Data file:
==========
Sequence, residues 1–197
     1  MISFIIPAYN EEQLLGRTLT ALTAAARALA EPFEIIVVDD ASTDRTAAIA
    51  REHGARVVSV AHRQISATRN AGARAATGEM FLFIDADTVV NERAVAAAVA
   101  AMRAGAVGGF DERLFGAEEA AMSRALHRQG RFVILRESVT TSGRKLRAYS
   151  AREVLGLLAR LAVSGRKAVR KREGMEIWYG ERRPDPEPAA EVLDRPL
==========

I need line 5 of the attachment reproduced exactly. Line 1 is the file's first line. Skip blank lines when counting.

   151  AREVLGLLAR LAVSGRKAVR KREGMEIWYG ERRPDPEPAA EVLDRPL